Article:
Strength right

0.95

Strength left

0.95

Prehension ability right

0.95

Prehension ability left

0.95

Prehension performance right

0.95

Prehension performance left

0.96

 

Criterion Validity (Predictive/Concurrent)

Chronic Tetraplegia:

(Kalsi-Ryan et al., 2012) 

Concurrent Validity 

(Correspondence between GRASSP subtests and the Capabilities of Upper Extremities Questionairre (CUE), Spinal Cord Independence Measure II (SCIM) and the SCIM self-care subscale (SCIM-SS); p < 0.0001) 

  • Excellent correlation of sensation subtest of GRASSP with SCIM-SS and CUE (= 0.74 and 0.77, respectively) 
  • Excellent correlation of strength subtest of GRASSP with SCIM-SS and CUE (= 0.74 and 0.76, respectively) 
  • Excellent correlation of prehension performance subtests of GRASSP with SCIM, SCIM-SS and CUE (= 0.68, 0.79, 0.83, respectively) 
  • Adequate correlation of sensation and strength subtests of GRASSP with SCIM (= 0.57 and 0.59, respectively) 
  • Subtest that measures impairment within a functional context (prehension performance) shows stronger associations with the existing measures, than the subtests reflecting impairment alone.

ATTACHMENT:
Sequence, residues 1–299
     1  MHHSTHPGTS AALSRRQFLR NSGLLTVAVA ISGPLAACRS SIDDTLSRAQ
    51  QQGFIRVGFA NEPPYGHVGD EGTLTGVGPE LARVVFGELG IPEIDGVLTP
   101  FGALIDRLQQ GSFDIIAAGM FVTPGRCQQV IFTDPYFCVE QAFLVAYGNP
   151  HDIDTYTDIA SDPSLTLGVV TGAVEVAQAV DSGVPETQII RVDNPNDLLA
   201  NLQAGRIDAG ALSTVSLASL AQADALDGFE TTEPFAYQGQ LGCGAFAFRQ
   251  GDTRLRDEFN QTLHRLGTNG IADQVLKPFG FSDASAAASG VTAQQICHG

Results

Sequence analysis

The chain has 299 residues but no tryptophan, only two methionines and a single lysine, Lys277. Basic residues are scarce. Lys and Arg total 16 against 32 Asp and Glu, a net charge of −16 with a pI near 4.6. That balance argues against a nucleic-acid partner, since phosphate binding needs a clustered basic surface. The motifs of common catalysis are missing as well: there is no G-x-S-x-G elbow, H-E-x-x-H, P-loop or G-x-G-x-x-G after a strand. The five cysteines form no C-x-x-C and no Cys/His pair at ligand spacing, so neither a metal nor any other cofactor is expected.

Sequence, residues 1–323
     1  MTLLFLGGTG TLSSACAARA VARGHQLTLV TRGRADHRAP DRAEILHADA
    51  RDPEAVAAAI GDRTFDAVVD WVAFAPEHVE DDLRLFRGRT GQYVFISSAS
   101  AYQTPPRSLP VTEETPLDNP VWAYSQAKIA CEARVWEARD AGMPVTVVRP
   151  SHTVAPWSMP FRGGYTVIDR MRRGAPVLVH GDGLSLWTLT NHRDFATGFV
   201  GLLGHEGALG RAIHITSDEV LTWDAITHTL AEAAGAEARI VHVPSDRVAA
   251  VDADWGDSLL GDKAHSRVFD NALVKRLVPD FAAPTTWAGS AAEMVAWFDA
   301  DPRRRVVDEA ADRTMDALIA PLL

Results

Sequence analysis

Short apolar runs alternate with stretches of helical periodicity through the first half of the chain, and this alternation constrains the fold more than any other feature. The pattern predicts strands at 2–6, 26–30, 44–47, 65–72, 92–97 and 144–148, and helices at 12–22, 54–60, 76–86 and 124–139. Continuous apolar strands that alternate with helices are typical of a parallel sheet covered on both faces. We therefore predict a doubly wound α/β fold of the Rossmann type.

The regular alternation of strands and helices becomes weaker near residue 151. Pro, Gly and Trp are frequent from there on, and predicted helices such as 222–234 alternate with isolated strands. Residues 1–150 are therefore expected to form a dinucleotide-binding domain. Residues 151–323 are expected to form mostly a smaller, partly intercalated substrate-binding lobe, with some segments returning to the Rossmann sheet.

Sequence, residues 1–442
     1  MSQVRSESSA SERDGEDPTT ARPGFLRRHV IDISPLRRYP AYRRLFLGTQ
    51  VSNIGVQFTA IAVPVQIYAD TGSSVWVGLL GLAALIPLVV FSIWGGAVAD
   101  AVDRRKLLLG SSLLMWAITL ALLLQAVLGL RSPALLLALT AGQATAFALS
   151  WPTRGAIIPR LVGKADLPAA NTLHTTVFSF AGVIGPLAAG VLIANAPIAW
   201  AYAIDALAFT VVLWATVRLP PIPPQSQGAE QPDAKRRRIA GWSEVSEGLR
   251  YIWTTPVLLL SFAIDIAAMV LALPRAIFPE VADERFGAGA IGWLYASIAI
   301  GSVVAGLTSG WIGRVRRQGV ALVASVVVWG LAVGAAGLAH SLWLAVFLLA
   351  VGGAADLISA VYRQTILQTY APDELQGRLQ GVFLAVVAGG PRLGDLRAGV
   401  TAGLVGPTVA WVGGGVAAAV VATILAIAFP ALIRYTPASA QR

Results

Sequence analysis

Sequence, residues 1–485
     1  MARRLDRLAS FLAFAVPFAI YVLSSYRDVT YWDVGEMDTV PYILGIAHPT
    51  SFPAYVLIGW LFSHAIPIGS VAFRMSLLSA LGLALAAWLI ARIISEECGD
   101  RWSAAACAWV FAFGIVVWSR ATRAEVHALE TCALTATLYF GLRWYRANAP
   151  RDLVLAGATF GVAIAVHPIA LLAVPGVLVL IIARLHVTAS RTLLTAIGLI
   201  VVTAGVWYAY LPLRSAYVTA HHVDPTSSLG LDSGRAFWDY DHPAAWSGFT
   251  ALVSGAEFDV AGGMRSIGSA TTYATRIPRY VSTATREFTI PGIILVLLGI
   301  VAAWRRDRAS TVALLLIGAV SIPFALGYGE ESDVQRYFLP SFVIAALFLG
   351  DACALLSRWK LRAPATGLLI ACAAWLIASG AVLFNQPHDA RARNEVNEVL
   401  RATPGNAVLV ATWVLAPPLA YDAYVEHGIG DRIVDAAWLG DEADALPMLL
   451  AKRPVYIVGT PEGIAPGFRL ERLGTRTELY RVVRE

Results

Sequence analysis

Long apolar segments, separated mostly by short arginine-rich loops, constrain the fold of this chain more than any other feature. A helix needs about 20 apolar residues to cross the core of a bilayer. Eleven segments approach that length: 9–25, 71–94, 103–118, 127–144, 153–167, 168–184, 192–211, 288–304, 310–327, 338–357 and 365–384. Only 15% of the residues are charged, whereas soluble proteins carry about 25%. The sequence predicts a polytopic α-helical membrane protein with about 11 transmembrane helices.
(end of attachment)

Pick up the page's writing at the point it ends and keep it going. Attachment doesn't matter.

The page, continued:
Construct Validity

Chronic Tetraplegia:

(Kalsi-Ryan et al., 2012) 

Sensation & strength subtests of GRASSP compared to sensory (light touch) & motor upper limb items in the International Standards of Neurological Classification of Spinal Cord Injury (ISNCSCI) 

  • 54% discordance in sensory innervations when assessed with GRASSP due to additional test points included and the increased response levels used in the GRASSP 
  • GRASSP was more sensitive to identifying sensation than INSCSCI 
  • Adequate agreement (kappa coefficient between 0.412-0.511) between the GRASSP(Semmes Weinstein Monofilament) C6, C7, C8 dorsal test locations and ISNCSCI (light touch) - comparison of same test points